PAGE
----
Pharmacists with religious objections to “morning-after” emergency contraceptives cannot be compelled to sell the product, an Illinois Circuit Judge ruled Tuesday.
The Illinois Health Care Right of Conscience Act was passed in 1998 to shield health care workers from going against their own beliefs. In 2005, then-Gov. Rod Blagojevich issued a ruling to force “pharmacies to fill prescriptions without making moral judgments.”
Two pharmacists, Luke VanderBleek and Glenn Kosirog, sued for the right to not dispense the pills.
Circuit Judge John Belz wrote that the 1998 law “was designed to forbid the government from doing what it aims to do here: coercing individuals or entities to provide healthcare services that violate their belief.”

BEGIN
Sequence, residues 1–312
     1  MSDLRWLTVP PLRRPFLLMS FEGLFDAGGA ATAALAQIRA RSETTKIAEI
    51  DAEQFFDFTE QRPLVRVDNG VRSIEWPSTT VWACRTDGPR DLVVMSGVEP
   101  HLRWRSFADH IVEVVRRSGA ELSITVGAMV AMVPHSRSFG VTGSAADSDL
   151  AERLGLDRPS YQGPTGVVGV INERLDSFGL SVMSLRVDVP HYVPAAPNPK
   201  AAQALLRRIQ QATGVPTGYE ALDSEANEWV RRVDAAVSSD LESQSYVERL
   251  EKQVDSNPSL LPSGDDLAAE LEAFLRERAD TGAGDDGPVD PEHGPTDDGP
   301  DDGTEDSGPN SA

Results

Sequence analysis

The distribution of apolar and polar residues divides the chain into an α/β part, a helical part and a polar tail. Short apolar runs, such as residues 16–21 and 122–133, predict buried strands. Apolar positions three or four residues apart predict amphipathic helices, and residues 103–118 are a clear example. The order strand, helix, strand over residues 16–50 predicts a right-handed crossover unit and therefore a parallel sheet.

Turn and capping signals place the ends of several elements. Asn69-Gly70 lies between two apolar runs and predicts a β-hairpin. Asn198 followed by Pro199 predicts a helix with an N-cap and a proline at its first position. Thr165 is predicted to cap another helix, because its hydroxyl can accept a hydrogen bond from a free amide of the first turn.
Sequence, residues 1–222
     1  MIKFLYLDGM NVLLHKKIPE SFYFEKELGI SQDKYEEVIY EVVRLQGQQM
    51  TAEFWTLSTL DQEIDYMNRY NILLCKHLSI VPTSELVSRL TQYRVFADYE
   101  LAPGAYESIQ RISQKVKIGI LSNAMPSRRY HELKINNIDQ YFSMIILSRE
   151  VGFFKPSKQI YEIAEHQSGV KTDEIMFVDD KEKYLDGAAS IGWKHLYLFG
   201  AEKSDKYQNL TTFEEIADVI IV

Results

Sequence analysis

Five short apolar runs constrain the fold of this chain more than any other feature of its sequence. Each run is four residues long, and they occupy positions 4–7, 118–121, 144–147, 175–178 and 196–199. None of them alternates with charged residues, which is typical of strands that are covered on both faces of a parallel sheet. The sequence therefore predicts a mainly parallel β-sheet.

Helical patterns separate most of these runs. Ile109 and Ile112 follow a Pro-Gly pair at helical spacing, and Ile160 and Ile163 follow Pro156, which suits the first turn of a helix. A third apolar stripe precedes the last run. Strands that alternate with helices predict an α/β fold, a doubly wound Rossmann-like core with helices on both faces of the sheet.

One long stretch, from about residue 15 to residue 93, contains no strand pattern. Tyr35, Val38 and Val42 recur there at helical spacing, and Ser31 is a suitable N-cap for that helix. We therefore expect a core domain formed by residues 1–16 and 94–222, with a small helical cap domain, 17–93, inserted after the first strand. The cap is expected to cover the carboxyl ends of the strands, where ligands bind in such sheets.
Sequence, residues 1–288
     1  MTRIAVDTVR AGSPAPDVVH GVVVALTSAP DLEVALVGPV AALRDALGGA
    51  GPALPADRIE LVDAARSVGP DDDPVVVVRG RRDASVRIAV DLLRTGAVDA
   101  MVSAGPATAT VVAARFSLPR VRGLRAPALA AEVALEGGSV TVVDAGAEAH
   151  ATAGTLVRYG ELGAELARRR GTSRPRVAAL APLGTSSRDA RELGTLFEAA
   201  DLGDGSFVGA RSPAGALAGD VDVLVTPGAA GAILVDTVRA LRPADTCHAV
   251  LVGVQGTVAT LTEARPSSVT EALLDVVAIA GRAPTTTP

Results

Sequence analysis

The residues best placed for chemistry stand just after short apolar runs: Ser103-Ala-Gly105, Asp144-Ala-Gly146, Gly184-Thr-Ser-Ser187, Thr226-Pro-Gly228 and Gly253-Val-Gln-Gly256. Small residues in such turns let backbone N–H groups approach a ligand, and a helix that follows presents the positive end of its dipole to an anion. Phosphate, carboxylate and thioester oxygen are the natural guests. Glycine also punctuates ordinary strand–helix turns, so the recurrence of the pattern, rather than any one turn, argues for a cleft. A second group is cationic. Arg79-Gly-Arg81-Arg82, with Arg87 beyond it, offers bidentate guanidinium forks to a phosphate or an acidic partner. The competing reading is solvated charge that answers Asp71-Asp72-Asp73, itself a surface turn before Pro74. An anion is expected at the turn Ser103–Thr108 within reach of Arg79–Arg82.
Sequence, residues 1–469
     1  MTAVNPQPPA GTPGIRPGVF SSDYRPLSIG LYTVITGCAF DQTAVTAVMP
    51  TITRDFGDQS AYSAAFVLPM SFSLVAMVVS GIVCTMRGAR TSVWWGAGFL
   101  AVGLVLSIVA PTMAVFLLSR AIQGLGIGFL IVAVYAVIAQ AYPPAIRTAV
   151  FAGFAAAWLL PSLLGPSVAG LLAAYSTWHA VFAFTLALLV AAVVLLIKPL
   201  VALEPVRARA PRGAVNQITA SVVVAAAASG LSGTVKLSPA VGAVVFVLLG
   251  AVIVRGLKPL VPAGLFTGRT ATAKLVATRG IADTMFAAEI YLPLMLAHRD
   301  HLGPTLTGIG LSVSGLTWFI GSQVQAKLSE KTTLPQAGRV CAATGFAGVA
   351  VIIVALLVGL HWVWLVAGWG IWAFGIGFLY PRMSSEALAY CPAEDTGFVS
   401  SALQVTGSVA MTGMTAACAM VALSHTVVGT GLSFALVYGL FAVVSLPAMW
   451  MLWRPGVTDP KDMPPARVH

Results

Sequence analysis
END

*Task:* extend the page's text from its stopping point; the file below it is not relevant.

Attorney Mark Rienzi, who represented the pharmacists with the help of the American Center for Law and Justice, called the ruling “a very good thing.”
“The judge’s decision makes clear that religious people don’t have to give up their religion, don’t have to check their conscience at the door, to enter the health care profession,” Rienzi said.